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Denmark increases investment in Arctic surveillance to counter Russia’s rise


Denmark is likely to further increase its military spending in the Arctic after unveiling a $ 250 million investment in surveillance capabilities in Greenland and the Faroe Islands to counter Russia’s military build-up in the region.

Defense Minister Trine Bramsen told the Financial Times that last week’s announcement of the purchase of two long-endurance surveillance drones for use in Greenland and the re-establishment of a radar station from the Cold War era in the Faroe Islands was “a step.”

She added: “If the security situation continues to develop as we see it now, we will have further steps in the future in terms of capabilities. We will now have a much better picture of what is happening, especially at sea. ”

The vast Arctic region has become of increasing interest to powers such as Russia, China and the United States as they examine its potentially rich resources and strategic importance. Russia focused on inflate its military presence in its Arctic territory, while the United States has expressed interest in buy Greenland – an autonomous part of the Kingdom of Denmark – under former President Donald Trump. The Faroe Islands are also an autonomous part of Denmark.

Norway is reopening a submarine base built inside cliffs in its far north, although a large military exercise involving US, British and other NATO troops this month has been called off due to the Covid-19 pandemic.

Danish political parties on the left and right last week agreed that the government should invest 1.5 billion Danish kroner ($ 250 million) to strengthen surveillance and communications from its arctic territories of Greenland and the Faroe Islands as well as annual operating costs of 300 million kroner.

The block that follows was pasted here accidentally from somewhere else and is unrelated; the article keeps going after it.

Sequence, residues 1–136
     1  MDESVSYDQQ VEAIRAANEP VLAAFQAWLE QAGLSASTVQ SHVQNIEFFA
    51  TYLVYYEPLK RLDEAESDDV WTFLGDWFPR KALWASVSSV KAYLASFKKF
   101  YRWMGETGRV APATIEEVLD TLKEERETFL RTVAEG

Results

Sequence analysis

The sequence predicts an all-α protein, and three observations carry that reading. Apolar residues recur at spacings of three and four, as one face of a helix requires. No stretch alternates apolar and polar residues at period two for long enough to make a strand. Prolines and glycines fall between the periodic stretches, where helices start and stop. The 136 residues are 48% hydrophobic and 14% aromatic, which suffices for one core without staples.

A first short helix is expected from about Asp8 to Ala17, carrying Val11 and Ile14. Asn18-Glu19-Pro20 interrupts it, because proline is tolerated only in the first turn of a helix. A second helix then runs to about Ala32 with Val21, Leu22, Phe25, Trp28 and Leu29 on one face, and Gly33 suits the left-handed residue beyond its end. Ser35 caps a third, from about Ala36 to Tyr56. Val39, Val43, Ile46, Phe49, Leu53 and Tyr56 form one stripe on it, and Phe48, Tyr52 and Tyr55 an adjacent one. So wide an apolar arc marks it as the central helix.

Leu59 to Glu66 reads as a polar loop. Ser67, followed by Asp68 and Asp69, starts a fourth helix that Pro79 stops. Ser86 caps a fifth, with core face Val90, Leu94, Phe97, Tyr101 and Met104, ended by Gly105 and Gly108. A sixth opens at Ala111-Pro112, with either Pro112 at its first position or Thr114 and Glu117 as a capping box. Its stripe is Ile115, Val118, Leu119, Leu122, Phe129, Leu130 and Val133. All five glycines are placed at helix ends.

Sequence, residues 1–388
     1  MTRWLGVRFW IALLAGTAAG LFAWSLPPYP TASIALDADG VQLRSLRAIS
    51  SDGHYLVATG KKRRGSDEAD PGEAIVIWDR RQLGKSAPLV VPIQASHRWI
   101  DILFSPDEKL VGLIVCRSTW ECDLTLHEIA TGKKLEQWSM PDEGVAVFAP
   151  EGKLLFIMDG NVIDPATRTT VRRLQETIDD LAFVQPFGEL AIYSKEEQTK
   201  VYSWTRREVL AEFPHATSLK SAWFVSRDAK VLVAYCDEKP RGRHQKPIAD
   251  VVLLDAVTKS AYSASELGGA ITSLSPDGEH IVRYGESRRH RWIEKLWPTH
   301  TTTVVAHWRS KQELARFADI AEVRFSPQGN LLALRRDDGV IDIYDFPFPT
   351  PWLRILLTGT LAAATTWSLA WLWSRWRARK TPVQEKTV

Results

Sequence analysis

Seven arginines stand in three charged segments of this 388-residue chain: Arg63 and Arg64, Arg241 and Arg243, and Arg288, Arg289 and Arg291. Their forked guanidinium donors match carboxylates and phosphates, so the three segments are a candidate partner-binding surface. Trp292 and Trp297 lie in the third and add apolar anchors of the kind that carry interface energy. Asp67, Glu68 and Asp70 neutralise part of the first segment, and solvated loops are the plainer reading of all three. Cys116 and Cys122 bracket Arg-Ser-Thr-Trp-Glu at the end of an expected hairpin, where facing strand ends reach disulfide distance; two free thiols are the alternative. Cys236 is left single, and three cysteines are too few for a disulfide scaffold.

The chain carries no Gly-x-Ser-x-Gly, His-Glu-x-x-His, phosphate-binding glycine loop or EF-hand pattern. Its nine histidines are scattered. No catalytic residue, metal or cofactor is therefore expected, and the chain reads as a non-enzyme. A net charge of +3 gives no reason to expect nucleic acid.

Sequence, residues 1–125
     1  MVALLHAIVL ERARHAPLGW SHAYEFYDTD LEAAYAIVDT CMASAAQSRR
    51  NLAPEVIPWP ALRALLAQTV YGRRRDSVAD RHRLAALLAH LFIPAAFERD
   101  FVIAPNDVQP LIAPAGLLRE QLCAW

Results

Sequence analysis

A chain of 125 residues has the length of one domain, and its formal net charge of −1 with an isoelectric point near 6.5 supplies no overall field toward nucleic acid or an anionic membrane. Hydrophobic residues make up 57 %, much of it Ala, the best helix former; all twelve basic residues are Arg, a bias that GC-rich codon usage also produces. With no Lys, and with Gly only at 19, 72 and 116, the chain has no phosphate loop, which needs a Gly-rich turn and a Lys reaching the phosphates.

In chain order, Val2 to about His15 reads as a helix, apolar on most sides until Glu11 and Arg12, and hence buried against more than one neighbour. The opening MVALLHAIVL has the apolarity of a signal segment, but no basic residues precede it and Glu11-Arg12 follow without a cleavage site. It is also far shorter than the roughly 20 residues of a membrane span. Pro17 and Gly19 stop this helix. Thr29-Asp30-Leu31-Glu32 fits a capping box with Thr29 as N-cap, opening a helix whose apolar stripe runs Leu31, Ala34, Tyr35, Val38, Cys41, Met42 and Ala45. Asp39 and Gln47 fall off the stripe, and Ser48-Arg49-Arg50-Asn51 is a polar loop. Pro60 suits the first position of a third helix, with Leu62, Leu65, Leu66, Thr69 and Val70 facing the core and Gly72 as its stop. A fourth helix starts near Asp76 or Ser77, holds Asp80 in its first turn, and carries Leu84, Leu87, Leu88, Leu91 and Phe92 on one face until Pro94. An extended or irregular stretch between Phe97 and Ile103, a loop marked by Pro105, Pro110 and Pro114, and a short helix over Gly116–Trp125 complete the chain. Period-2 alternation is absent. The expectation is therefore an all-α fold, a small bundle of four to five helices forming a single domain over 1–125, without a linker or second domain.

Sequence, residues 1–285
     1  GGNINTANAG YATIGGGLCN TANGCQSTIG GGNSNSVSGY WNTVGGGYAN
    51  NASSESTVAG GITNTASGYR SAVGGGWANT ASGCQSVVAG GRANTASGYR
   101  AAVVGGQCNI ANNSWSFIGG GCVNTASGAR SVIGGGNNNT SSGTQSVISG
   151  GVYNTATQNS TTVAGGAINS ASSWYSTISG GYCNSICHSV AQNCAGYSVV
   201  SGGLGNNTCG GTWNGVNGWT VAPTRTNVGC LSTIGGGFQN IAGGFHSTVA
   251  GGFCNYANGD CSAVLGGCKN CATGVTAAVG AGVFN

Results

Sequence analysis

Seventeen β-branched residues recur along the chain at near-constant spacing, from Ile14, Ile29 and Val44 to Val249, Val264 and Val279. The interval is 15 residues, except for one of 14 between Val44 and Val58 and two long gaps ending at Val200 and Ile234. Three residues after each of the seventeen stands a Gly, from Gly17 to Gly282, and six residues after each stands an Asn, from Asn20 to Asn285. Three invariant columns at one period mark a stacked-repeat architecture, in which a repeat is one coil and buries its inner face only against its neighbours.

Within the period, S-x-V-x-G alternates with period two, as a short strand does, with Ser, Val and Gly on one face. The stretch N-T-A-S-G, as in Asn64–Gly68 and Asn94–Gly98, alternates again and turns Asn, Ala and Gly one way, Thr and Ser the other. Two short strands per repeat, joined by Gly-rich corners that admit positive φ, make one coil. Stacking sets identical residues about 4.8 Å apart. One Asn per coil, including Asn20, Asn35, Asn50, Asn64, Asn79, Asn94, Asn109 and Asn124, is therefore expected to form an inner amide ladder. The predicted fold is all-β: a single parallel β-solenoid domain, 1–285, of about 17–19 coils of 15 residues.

Bramsen said Denmark, which has around 300 troops deployed in the Arctic, has a “special responsibility” for the defense of the region. The DKr750m surveillance drones and the DKr390m Faroe Islands radar station came in response to NATO requests.

“We see the Russian army getting stronger and having more activities in the Arctic. That is why it is important to have more capacity in the Arctic. It is not about escalating conflicts. This is the risk that we see in the future if we don’t have the capacity, if we don’t see what’s going on, ”she added.

The Nordic countries have increased their military spending and have focused on the Arctic since Russia’s annexation of Crimea in 2014. But they say that thanks to Moscow’s participation in the Arctic Council – an intergovernmental body of the eight Arctic states – relations with Russia have been cordial.

Some Nordic diplomats were alarmed by US interest and a 2019 speech by then Secretary of State Mike Pompeo in which he lambasted “aggressive»Behavior of Russia and China in the Arctic. Former Minister of Foreign Affairs of Sweden Told the FT in the United States had a “sad and dangerous” approach to the region.

Bramsen said Denmark had “very close cooperation” with the United States and the two countries “had the same views on the Arctic and the threats.” She dismissed complaints from some in Greenland that Denmark had neglected the island, only waking up when Trump declared his interest.

The minister admitted that Copenhagen had not been able to verify media reports on possible Russian activity in the region between the Faroe Islands and the UK’s Shetland Islands last year because it had failed not the necessary capacities. She said the Faroe Islands radar station would help Denmark find out what was going on.

She added that the two drones designed to patrol Greenland aimed to “cover the most important blind spots”.



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